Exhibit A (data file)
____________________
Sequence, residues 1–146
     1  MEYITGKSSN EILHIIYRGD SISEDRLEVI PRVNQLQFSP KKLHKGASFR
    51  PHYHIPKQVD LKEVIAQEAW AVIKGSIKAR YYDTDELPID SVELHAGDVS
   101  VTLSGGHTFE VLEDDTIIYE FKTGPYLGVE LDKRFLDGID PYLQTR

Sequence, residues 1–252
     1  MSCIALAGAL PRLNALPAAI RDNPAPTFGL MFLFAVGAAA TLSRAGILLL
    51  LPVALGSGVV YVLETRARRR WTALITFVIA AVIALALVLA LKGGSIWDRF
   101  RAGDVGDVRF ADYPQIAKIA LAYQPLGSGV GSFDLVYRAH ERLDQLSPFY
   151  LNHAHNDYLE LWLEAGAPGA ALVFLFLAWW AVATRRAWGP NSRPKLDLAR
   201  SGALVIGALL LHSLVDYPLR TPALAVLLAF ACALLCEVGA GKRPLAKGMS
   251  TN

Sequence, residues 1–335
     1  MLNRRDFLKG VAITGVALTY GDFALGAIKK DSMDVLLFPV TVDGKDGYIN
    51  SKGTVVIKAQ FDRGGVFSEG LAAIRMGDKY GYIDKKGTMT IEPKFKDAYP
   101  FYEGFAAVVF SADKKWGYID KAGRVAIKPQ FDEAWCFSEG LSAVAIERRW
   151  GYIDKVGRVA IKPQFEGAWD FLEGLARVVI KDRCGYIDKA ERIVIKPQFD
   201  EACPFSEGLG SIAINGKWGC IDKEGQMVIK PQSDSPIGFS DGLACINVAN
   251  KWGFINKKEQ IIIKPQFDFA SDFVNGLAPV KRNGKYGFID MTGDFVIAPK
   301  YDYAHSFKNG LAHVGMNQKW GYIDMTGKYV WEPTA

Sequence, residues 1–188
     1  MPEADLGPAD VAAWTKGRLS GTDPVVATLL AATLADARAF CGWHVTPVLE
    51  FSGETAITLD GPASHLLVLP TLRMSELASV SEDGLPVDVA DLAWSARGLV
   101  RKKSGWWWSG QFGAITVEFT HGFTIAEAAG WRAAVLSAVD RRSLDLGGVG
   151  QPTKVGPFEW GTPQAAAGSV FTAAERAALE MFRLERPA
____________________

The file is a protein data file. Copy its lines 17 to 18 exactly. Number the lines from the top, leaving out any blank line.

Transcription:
   201  EACPFSEGLG SIAINGKWGC IDKEGQMVIK PQSDSPIGFS DGLACINVAN
   251  KWGFINKKEQ IIIKPQFDFA SDFVNGLAPV KRNGKYGFID MTGDFVIAPK